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74 on labor (transportation and recruitment costs)13. However, the interviewees also expressed that a reduction in the available local labor is not due pa rticularly to an income substitution effect of remittances. In fact, former workers who are now remittance recipients have been able to become self-sufficient by buying their own farms (hence increasing self-employment). The literature on the link between migrati on, remittances and the local labor markets indicates that labor force participation declines as a result of increase in remittances. In Ciudad Barrios this argument holds only in the case of the agricultural sector No other businesses reported a problem with labor shortage. A constricted labor market increases the amount that businesses spend on their labor s upply. Study participants from the agricultural sector indicated that their labor related expenses have increased as their cost of hiring and transportation increase because they have to import their workers. Summary This thesis focuses on how business owners pe rc eive the impact of remittances in three research links: remittances and investment, remittances and consumption (local demand) and remittances and labor markets. The available literature on remittances has concluded that remittances have a strong potential to influen ce the economy of a country and help it develop. Much of the research relies on house hold surveys at the national level. Each link was tested for a specific hypothesis in order to gain a better understanding of the impact of remittances on businesses in rural communities. The first hypothesis tested was in regards to remittances and local investments. The results show that in the case of Ciudad Barrios, remittances are not being used as start-up capital. However, in the case of the agricultural sector 13 The outside labor comes from the neighboring department of Morazn and/or from either Honduras or Nicaragua. In 2005, the Salvadoran government had to issue work permits to seasonal workers from Honduras and Nicaragua in order to meet the labor demand from the agricultural sector.

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75 remittances are being used to finance the purchas e of inputs and to buy more land. In the specific case of the agricultural sector, the findings i ndicate that remittances are financing further investment in the activity. This finding is in accordance to the result s from a study conducted among remittance recipients in the Dominican Republic. The second hypothesis tested was in regards to remittances and local demand. The liter ature on this topic concludes that remittances help alleviate financial constr aints among recipient households. Th is increase in consumption has a multiplier effect on the local economy. The resu lts show that in the case of Ciudad Barrios, much of the businesses client base is com posed of remittance receivers. However, local businesses have to obtain their merchandise /inputs from non-local providers. The final hypothesis tested was in regards to remittances a nd local labor. The literature suggested that remittances have a negative impact on labor par ticipation. This was particularly true for the agricultural sector in Ciudad Ba rrios, which has seen much of the former labor pool transform from employees into land owners.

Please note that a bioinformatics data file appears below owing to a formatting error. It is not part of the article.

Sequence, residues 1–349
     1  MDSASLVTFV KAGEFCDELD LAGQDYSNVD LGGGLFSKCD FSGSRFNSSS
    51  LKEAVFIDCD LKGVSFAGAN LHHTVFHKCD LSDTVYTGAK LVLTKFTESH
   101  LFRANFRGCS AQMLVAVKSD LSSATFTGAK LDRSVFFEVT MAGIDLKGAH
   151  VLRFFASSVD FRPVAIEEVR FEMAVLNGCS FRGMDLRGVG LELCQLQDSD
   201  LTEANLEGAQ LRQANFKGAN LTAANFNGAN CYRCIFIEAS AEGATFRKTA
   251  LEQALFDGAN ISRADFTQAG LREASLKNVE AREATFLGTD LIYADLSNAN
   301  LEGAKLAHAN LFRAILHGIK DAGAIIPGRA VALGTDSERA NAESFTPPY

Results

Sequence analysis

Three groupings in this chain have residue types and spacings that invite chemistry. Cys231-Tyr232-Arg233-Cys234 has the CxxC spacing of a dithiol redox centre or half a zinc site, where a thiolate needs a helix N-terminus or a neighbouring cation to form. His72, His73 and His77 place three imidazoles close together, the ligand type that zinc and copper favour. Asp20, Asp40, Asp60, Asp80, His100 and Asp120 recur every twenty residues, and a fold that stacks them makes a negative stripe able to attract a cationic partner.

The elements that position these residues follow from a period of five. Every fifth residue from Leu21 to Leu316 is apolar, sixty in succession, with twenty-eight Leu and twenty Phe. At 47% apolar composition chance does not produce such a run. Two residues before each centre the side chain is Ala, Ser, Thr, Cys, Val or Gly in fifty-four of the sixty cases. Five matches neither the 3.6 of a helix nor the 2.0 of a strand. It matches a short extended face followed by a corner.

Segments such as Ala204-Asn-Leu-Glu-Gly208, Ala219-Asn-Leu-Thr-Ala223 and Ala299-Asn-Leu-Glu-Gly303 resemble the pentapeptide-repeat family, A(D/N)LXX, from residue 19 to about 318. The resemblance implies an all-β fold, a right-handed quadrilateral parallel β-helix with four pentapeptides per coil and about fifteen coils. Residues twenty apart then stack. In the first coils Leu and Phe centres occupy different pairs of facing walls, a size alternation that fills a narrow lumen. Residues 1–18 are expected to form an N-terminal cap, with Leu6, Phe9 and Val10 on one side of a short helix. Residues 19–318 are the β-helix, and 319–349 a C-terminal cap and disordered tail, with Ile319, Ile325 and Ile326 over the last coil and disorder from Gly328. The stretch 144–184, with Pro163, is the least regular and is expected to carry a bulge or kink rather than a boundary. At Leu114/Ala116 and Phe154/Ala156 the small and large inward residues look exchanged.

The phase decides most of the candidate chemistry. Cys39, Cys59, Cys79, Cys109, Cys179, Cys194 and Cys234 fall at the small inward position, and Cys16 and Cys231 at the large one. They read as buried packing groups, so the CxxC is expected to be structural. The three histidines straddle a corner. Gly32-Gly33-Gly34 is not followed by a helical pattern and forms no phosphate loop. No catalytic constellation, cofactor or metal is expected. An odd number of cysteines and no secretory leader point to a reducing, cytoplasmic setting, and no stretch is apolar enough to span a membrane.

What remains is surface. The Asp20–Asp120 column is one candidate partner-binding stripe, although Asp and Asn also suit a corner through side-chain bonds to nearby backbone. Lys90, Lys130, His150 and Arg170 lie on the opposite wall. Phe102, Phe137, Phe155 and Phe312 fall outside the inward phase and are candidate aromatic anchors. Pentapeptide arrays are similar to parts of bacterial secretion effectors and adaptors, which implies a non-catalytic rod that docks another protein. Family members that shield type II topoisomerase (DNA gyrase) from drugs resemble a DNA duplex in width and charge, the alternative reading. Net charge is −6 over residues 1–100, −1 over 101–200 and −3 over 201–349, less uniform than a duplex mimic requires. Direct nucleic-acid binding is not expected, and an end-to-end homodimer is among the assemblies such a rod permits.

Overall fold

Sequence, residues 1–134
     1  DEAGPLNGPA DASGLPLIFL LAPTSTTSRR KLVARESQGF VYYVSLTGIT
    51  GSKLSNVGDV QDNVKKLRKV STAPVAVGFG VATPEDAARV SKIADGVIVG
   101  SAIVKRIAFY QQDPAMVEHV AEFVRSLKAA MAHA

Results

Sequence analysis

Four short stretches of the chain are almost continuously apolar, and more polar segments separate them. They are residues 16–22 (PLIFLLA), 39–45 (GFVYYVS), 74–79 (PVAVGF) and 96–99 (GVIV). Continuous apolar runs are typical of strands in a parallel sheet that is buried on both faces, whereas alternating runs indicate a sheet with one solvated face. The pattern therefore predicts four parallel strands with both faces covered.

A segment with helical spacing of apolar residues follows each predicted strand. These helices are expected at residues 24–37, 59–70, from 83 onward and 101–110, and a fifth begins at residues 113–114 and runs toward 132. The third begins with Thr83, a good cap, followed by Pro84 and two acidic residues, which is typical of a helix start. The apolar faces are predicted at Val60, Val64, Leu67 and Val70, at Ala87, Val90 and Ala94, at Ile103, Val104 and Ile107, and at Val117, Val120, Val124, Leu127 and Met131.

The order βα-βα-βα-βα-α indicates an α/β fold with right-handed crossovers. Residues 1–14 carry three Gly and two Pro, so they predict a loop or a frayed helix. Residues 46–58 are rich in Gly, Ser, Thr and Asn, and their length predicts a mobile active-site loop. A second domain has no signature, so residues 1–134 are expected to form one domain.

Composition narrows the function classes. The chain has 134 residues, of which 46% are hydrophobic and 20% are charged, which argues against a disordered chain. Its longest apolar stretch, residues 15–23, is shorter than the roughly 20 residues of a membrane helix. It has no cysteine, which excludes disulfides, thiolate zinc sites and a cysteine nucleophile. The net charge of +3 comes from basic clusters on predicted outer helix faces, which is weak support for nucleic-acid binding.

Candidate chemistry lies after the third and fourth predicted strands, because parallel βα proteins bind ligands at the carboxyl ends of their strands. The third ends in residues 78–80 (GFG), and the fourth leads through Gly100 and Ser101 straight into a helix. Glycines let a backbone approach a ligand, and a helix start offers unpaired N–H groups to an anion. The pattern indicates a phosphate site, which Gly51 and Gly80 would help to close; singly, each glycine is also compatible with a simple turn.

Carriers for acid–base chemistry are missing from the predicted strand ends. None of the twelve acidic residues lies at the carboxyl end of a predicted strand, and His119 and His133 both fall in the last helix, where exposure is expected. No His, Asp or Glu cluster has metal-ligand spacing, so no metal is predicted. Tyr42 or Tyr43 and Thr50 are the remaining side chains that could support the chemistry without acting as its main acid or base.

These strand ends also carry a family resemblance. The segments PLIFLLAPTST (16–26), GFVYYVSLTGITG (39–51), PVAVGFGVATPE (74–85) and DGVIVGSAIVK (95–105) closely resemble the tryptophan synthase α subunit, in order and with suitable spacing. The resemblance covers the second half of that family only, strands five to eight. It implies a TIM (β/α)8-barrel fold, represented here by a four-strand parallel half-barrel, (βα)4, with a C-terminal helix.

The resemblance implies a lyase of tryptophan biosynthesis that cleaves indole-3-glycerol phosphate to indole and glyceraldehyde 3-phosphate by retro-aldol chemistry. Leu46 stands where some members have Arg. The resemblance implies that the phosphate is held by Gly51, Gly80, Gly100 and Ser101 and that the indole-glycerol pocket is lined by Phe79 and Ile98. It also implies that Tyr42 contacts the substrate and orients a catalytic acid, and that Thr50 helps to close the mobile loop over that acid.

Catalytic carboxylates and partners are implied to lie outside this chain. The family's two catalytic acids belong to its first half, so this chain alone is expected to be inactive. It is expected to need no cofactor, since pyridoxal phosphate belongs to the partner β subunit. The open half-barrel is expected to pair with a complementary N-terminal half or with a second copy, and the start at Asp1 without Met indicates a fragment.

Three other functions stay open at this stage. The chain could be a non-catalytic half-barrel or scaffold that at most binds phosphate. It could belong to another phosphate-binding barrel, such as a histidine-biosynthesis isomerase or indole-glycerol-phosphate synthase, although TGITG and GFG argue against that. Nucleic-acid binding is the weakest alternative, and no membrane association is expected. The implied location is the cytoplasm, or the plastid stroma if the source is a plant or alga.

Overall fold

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76Table 3-1 The Financial S ector in Ciudad Barrios Type of Institution Employees Growth Rate Remittances in 2005 (US$) % Savings1 Type of Credit Product2 Preferred Credit Product Usage Credit Union 12 360% in 4 years 11,000,000 30% -Personal Consumption -Mortgage -Popular Construction National Bank N/A 22% annually $14,400,000* 30% Personal Consumption Mortgage Housing Commerce Personal usage Construction Credit Union 7 N/A $50,000 25% Personal Consumption Commerce Asset** Commercial activities Credit Union 10 14.85% annually $3,498,577 25% Personal Consumption Mortgage Asset** Construction Commercial activities Credit Union 4 N/A $335,789*** Not offered Mortgage Personal Consumption Asset** Commercial activities National Bank 3 N/A $255,020**** N/A Personal Consumption Mortgage Small and Medium Enterprises Source: Personal interviews with managers of the financial institutions conducted May-August 2006 These institutions had to estimate the amount of remittances di stributed in Ciudad Barrios because they service more than one municipality. ** Asset type of loans refers to loans made against the value of an asset presented by the client The banks consider an array of assets for this type of loan such as jewelry, televisi on sets, stereo equipment and cars among other things. ***This amount is only for remittances dist ributed from April-December 2005 period **** This amount is for remittances di stributed between July December 2005 1 These saving percentages correspond to sa vings among remittance recipients who are cl ients of this specifi c institution. This information was collected from interviews with managers. 2 The name of each credit line is a direct translation of the name of the product offered by each institution.